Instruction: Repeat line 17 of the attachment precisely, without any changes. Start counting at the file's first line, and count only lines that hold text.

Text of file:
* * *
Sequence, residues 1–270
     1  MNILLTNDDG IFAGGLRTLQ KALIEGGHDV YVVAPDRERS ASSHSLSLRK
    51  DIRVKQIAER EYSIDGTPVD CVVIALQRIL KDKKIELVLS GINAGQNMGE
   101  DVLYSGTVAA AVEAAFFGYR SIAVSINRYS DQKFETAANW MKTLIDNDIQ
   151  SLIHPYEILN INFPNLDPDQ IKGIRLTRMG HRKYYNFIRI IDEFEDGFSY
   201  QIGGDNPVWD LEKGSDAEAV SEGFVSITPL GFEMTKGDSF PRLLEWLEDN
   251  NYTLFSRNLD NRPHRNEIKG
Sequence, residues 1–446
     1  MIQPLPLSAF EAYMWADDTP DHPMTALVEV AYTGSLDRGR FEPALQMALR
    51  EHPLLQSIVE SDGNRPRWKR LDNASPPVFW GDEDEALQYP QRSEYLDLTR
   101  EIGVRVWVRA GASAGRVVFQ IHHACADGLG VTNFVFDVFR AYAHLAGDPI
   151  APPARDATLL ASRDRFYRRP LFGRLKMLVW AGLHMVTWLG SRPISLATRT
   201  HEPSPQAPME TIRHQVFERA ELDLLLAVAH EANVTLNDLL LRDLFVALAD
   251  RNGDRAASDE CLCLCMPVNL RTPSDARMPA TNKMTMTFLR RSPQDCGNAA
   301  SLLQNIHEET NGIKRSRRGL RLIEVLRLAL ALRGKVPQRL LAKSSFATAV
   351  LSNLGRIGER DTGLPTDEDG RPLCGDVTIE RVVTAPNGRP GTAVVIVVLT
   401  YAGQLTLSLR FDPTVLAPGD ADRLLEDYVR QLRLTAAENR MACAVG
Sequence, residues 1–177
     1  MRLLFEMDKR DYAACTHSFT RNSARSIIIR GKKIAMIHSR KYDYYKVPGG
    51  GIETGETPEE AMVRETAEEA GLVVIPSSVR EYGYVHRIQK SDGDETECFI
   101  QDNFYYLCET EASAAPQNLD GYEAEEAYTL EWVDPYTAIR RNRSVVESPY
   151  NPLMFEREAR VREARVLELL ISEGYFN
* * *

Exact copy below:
   401  YAGQLTLSLR FDPTVLAPGD ADRLLEDYVR QLRLTAAENR MACAVG